There’s no doubt that awareness of bullying has gained momentum across the United States, particularly from those brave enough to step forward. While removal from the situation is often the remedy, more and more studies are beginning to confirm that there are lingering effects, even into adulthood, for those that bully, for those that are bullied, and for those that play both roles.
Past studies have focused generally on the short-term effects of kids that are bullied as well as the ones that bully or play both roles, only giving a glimpse into the mind of children during that time. Yet, to gain a better understanding of how bullying may or may not affect individuals over time, a few recent studies have followed children into adulthood. Specifically, researchers were looking for links to mental health disorders, such as depressive and anxiety disorders, obsessive-compulsive disorder, or post-traumatic stress disorder. Other mental health disorders considered were substance dependence and antisocial disorders.
The following findings were based on information obtained from 1,400 children ages 9, 11, and 13. The same participants were then questioned between ages 19 and 26.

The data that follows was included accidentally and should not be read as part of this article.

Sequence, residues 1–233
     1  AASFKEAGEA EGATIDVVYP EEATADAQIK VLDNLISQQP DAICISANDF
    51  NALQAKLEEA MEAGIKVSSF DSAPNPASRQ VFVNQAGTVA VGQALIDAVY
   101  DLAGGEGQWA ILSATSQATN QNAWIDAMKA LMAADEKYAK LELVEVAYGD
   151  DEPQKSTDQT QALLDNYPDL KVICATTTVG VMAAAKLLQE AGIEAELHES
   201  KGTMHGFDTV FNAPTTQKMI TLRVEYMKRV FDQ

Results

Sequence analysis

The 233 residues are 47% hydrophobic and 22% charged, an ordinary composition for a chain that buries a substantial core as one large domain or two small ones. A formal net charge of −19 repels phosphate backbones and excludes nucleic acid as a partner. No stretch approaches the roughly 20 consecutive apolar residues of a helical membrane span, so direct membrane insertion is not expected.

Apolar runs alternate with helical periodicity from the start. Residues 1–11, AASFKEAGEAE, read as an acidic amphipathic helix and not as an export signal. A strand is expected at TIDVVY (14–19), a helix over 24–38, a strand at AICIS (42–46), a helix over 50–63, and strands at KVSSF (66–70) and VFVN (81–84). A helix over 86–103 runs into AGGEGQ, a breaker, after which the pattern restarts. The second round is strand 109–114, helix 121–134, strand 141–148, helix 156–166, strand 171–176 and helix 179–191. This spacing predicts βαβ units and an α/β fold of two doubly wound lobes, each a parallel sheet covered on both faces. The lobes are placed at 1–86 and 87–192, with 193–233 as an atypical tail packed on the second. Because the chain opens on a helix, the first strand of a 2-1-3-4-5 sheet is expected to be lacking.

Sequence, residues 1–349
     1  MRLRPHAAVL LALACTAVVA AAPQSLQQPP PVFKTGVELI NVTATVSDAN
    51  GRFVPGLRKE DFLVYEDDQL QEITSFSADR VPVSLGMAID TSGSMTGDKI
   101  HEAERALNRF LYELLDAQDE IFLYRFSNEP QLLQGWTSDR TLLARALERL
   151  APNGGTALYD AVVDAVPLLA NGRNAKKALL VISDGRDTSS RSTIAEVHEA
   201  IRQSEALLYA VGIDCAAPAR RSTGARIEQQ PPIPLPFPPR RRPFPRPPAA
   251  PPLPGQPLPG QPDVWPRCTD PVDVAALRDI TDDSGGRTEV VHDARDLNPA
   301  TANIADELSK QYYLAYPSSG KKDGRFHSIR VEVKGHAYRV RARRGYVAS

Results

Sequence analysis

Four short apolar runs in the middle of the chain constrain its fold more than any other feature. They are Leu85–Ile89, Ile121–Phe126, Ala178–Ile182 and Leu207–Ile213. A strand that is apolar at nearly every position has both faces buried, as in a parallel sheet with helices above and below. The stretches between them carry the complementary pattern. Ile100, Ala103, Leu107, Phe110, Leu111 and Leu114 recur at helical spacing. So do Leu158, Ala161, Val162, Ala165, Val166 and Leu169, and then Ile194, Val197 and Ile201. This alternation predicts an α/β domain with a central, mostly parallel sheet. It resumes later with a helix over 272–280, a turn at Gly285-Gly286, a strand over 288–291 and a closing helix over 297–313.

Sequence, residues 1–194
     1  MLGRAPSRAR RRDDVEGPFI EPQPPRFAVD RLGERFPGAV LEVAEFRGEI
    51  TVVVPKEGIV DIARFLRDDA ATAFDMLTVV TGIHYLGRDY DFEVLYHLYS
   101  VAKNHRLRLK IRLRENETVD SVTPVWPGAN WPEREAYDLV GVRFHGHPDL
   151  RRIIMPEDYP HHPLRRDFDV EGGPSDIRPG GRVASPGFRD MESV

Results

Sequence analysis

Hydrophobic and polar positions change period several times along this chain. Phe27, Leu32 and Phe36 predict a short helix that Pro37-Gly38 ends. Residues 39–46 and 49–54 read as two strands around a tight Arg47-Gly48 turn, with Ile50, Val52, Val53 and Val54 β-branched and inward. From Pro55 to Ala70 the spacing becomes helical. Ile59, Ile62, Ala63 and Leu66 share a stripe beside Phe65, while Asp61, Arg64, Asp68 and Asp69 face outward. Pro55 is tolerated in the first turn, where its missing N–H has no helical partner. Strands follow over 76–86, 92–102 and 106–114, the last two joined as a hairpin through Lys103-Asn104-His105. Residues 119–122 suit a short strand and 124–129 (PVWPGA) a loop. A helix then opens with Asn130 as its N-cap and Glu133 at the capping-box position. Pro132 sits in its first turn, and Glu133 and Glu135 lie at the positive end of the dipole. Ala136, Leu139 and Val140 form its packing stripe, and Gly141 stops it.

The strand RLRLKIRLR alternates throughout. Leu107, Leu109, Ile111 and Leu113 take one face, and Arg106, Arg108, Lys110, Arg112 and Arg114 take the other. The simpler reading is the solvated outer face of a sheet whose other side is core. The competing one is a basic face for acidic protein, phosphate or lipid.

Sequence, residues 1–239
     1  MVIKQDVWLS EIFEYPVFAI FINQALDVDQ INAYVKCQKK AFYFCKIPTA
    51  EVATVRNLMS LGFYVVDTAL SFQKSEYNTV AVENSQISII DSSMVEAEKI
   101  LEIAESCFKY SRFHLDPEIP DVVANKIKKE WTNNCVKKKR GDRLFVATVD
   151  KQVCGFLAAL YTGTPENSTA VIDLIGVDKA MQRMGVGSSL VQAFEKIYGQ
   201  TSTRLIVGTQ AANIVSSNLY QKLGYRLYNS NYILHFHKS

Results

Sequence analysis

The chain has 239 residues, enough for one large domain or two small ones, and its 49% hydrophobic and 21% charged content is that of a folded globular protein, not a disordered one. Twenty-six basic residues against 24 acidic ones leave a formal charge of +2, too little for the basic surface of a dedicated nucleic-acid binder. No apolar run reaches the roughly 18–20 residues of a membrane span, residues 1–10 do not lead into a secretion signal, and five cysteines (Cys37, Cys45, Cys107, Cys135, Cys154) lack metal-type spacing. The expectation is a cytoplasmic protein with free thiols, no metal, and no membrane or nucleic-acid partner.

Generally, children that were victims only had an increased risk for depressive-type disorders, including anxiety, panic disorder and agoraphobia. Agoraphobia is classified as a fear of a place or situation that may cause panic or embarrassment. Thus, it includes avoiding certain situations and places out of fear.
Children that found themselves in both roles—both the victim and the one bullying experienced a vast array of depressive and anxiety-based disorders. In addition, this particular group reported having suicidal thoughts and severe panic attacks.
By contrast, the participants that were only bullies did not exhibit the same risk for mental health disorders. Rather, they suffered from antisocial disorder.
While these findings are based on one study with a few controlled variables, they are not to be taken as fact. Even so, researchers are confident enough in the long-term effects of bullying to state that there is strong evidence supporting that bullying leads to emotionally instability as an adult. The bottom line is—bullying, in any form, is not simply part of growing up. The psychological damage doesn’t go away when the bullying stops.
If your adolescent or teen has been exposed to bullying in any form, we want to help guide you through the unchartered wilderness of anxiety that comes as a result. At Nathan’s Waypoint, we invite you to take part in a free one-hour consultation to determine whether we can help you during this stressful and overwhelming time.
Posted on behalf of Nathan's Waypoint